With just a three week turnaround from suffering a loss by way of third-round rear naked choke against Georges St-Pierre, Bisping was knocked out cold in Shanghai on Saturday
When Anderson Silva was popped by USADA and ultimately removed from the UFC’s first event in mainland China, Kelvin Gastelum was without an opponent.
Michael Bisping, who had stated his intentions to fight ‘as soon as possible’ was drafted in, much to the admiration of many who praised his warrior spirit. There were others, however, who questioned whether the 38-year-old was amply prepared to step into the Octagon against Gastelum given his lack of preparation and little recovery time.
Despite the scrutiny, Bisping made the show but suffered a brutal first-round knockout at the hands of one of the middleweight division’s slickest strikers. Although Gastelum was labeled an overblown welterweight by some, he delivered a very promising performance which should see him rewarded by a swift push up the rankings of the division. For Bisping, he may have gained a paycheck and a lot of respect in addition to the less desirable 0-2 record in his last two bouts…in three weeks.
No stranger to setting records in the promotion. Bisping became the very first British UFC champion he dethroned Luke Rockhold at UFC 199 in 2016. “The Count” also holds the record for most fights in the promotion’s history at 28 and shares the top spot on the list of most wins in the UFC at 20 UFC 217 opponent Georges St-Pierre. It is the latest record that Bisping will least enjoy, however: the most knockdowns in UFC history.
Bisping tops that list with a total of 12 knockdowns, having been put on his back four times in his last three fights. It is a worrying statistic and one which may add weight to the argument of those who believed that he was not ready to jump into another fight on such short notice. Below Bisping is Dan Henderson on 11, with Keith Jardine and Travis Browne following with 10 and 9, respectively.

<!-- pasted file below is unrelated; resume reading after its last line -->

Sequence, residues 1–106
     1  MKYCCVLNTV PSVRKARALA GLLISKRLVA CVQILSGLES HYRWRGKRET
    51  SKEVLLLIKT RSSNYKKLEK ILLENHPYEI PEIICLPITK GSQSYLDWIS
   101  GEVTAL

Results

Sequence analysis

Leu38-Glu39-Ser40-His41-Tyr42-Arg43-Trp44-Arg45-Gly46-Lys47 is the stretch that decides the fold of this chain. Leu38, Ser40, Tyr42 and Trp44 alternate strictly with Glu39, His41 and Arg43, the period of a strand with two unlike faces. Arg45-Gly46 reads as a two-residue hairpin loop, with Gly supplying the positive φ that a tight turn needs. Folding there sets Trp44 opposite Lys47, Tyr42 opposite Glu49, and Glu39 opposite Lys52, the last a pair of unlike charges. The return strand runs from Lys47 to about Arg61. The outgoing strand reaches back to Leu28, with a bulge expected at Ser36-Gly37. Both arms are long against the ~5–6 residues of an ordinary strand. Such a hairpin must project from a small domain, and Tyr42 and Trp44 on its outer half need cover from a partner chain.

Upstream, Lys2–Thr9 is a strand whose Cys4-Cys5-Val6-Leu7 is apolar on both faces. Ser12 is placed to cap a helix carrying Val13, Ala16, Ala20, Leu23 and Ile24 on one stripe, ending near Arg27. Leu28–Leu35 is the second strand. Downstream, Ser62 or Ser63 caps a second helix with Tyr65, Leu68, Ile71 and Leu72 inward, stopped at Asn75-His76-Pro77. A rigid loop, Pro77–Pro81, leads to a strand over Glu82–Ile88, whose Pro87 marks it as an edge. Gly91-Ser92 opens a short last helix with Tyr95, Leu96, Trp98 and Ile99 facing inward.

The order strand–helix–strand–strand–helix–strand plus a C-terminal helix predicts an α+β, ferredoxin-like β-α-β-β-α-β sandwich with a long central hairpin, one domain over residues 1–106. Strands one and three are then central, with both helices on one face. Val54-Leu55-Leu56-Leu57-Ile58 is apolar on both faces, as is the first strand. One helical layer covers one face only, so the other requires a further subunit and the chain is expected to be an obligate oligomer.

The former UFC middleweight champion was magnanimous in defeat and refused any notion that he was ready to retire in the immediate aftermath of his bout against Gastelum:
“I just wanna say congratulations to Kelvin Gastelum. Job well done tonight. Thank you all for being here, I hope you all enjoyed it. I was enjoying myself; he caught me with a good shot. God bless Kelvin – he’s young. I’ve done this for a long time, man. I’m getting old. Kelvin’s a great guy, but unfortunately it’s gonna take a bigger pile of sh*t than him to get rid of me.”
It is safe to say that the criticism of the promotion’s decision to approve Bisping for the Gastelum bout really hit home with many following the nature of his loss. UFC color commentator Joe Rogan spoke on his Joe Rogan Experience MMA Show about the fight and questioned if it was the right thing to do allowing the veteran to compete on such short notice:
“I don’t think you should be allowed to fight three weeks after you have a brutal fight like Michael Bisping did with GSP,” Rogan said. “He got rocked, he got choked unconscious, and then three weeks later he’s fighting a really dangerous up-and-coming Kelvin Gastelum? Kelvin is a beast. He’s got nasty boxing and that’s what he showed in that fight. He hit him with a beautiful straight jab and a right hand behind it. That kid is just on fire. He’s on another level right now.”
“Would he have been able to do that if he fought the Bisping who was training for Georges St-Pierre?” Rogan said. “If Bisping did not have the Georges St-Pierre fight and just went right into the Kelvin Gastelum fight, would the same result have happened? It very well could have. The way Kelvin hits, he’s fast as (expletive); his hands are beautiful.”
To critics of the way the promotion handles affairs at times, Bisping’s first-round knockout loss following a period of just three weeks removed from being ‘choked unconscious’ will be used as an example. To fight fans, many applauded Bisping’s fearless character in accepting the bout but most of us would probably have put the fighter’s safety before casting him as the gallant rescue of a failed fight card, had we known beforehand what he was stepping into it.
As the idiom goes, hindsight is 20/20…